Chechnya: A Painful Price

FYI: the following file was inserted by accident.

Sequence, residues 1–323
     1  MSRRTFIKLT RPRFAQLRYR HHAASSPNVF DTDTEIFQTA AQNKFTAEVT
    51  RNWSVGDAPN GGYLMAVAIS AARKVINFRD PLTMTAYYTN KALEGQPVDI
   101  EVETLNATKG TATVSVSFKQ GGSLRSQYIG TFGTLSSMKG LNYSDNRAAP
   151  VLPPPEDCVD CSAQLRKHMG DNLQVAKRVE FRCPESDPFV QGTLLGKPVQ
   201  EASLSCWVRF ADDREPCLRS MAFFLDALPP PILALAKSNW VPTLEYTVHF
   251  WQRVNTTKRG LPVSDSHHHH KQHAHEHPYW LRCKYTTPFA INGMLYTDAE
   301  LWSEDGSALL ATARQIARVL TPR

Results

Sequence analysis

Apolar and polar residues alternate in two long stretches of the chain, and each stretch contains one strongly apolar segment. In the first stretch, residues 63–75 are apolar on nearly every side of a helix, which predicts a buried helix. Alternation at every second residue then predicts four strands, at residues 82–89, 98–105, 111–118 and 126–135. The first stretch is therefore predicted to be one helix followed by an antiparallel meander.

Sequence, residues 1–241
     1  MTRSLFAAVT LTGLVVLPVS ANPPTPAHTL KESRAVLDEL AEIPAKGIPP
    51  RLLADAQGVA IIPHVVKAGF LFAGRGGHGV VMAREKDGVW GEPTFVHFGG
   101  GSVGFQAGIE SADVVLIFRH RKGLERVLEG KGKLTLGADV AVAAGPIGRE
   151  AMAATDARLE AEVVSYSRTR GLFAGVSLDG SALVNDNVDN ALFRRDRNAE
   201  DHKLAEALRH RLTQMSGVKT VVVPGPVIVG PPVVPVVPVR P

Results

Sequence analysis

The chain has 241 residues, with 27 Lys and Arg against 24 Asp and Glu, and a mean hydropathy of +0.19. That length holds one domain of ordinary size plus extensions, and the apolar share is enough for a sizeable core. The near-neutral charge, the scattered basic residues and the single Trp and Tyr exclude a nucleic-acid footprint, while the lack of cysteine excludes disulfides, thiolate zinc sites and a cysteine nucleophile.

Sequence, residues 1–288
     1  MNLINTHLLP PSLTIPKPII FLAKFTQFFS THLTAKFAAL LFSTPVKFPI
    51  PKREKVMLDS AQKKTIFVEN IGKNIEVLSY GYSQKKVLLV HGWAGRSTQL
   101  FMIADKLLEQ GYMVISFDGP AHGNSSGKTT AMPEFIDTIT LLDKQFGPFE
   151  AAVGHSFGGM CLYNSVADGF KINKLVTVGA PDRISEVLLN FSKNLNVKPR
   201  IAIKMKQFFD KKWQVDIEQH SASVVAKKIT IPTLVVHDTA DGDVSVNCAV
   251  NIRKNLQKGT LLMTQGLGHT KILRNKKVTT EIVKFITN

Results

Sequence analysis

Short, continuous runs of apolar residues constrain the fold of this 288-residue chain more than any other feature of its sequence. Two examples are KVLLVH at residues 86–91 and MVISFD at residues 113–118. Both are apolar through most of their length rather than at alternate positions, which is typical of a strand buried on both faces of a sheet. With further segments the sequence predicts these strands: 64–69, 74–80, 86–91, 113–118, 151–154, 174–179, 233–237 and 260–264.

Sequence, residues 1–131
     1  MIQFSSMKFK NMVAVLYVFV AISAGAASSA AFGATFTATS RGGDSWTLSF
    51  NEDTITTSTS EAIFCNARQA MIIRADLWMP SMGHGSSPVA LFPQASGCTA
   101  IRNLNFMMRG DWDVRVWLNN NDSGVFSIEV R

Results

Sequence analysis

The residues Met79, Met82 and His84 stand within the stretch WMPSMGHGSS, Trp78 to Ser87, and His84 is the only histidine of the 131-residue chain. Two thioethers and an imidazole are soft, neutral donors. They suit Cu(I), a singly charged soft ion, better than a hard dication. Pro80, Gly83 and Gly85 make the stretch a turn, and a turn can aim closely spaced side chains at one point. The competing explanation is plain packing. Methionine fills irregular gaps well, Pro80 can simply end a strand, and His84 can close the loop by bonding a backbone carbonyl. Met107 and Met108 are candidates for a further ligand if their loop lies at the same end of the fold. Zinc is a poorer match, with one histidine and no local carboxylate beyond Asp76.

IN THE FINAL TALLY, THE COSTS of the war in Chechnya will go far beyond the obvious loss of human lives and resources. By shattering the relative peace that characterized Russian politics after the election of the new parliament, the conflict has threatened Russia’s fragile political order and jeopardized future reforms. President Boris Yeltsin has concentrated power within the executive branch, but it is not clear if he alone controls this power – and if he does, how much longer he will be able to hold on to it. The parliament has not been able to exercise even the limited oversight responsibilities it was granted in the 1993 constitution; outlying regions have become increasingly restless; and the war is likely to wreak havoc on Russia’s economy. There is one bright spot: in the face of intense government pressure, the media has continued to report the realities of the war and to publish openly critical statements from citizens. But perhaps most significantly, the conflict has dramatically reshaped the Russian political spectrum in the months leading up to the December 1995 parliamentary and June 1996 presidential elections. By influencing the outcome of the elections, the decision to send troops into Grozny could affect Russian political development into the next century. …